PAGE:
Game Description: Chronicles of Riddick acts as a prequel to "Pitch Black" and "The Chronicles Of Riddick". The enigmatic antihero named Riddick escaped from one of the universe's most violent prisons, Butcher Bay. This game presents the story of how he escaped triple-max security.
I consider myself pretty in-tune to the gaming world, so it was with some surprise that Starbreeze AB's Chronicles of Riddick: Escape from Butcher Bay managed to fly completely under my radar until word of mouth hit the internet. Licensed games are notoriously bad, with the notable exception of Rare's Goldeneye in 1997. Usually competence is the most gamers can hope for. But Escape from Butcher Bay is far more than competent—it's innovative and brilliantly executed. It's exceedingly rare that a single game can both build on established concepts and integrate its own innovations to create a wholly unique experience while exuding sheer perfection in execution, but Escape from Butcher Bay is just such a game.
Although the game's release coincides with the film Chronicles of Riddick, the sequel to the underrated 2000 film Pitch Black, it is actually a prequel to both of the films. The game's plot is exceptionally well done, and there are numerous arbitrary plot developments that are clearly meant to reference the films. Moreover, we are given virtually no background on the protagonist, but simply propelled through a brisk setup and launched into the center of the action. Nonetheless, the plot works well in a functional capacity, driving events in the game and developing key characters. A bounty hunter has captured Riddick and is taking him to Butcher Bay, a notorious triple-max prison stuck on a desolate desert planet. Escape is impossible, Riddick is told—no one ever has, no one ever will. But Riddick is no ordinary convict, and things turn ugly quickly as he bargains, cons, sneaks and kills his way out of the massive, complex prison.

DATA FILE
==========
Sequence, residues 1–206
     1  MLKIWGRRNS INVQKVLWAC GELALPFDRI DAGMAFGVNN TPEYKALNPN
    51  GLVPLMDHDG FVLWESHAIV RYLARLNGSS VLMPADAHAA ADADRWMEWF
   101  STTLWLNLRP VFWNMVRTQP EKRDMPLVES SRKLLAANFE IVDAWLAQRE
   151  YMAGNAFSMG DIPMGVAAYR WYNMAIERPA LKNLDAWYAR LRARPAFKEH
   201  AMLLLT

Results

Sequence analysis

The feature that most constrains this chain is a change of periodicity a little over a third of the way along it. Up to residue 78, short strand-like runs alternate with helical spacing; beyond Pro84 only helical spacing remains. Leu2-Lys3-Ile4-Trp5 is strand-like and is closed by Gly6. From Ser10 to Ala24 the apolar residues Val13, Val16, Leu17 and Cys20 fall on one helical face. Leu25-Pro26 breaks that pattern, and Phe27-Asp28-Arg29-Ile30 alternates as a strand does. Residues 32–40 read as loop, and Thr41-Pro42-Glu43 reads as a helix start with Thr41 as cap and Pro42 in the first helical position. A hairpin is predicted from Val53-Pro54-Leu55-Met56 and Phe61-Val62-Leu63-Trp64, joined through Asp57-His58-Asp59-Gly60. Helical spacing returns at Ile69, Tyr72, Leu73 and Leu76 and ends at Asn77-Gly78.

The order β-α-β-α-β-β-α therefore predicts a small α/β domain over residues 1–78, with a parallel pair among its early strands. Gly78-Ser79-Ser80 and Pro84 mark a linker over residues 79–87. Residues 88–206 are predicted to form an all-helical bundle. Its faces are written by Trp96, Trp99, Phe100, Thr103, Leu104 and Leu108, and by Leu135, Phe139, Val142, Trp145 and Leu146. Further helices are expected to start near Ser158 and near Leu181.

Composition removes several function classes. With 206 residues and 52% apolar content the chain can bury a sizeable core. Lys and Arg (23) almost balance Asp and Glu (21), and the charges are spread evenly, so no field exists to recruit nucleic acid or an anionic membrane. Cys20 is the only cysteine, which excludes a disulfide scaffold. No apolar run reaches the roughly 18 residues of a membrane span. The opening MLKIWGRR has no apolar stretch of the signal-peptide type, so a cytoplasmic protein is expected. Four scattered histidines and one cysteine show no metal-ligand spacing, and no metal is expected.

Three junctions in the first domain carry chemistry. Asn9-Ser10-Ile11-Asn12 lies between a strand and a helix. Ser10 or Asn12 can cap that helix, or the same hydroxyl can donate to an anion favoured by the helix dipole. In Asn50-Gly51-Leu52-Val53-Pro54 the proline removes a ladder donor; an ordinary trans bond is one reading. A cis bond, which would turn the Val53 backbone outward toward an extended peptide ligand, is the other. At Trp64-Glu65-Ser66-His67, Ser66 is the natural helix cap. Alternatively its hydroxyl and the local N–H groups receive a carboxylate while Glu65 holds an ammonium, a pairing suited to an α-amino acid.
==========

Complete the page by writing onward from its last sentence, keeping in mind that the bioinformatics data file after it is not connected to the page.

Escape from Butcher Bay may best be described as a first-person shooter, and an excellent one at that, but it is so much more. The brilliance of the game lies in its seamless transitions through numerous types of gameplay that are always intertwined in the narrative and never feel forced or contrived. The shooting is first rate, with superb aiming and speed, excellent artificial intelligence, a challenging and interesting variety of enemies, and fantastic open-ended level design. But Riddick spends large portions of the game sparsely armed, and must rely on wits and stealth to progress. Riddick can enter into a "stealth mode in which he can move silently and remain unseen in the shadows," and quietly dispatch unsuspecting guards with gruesome efficiency with a quick neck break or knife-slice to the throat. Guards are keen on their surroundings and will notice their fallen comrades, but Riddick can drag bodies to dark corners where they'll be hidden from view.
When confronted while unarmed, which happens often, Riddick has a few options. The game features a wonderfully intuitive hand to hand combat system. He can block and throw four basic punches, and with careful timing the blocks and punches may be combined to create speedy counters and deadly combinations. If an enemy is armed, a well timed button-press will cue Riddick to grab the weapon and turn it against his enemy for a deft and violent kill.
Riddick faces an extensive variety of challenges, from armored guards to lumbering mechs with devastating firepower, so escaping Butcher Bay will require Riddick to put all of his skills to use. Most gratifying though is that players can often make use of Riddick's many skills at their own discretion. In one play through in a level, for example, I went run-and-gun through the level drawing attention to myself and getting into heated shootouts. On repeated play, I decided to shoot out the lights (nearly all of which are destructible) and would use a highly accurate pistol to snipe blinded enemies with a mortal headshot, or capitalize on their confusion to lure them into an ambush.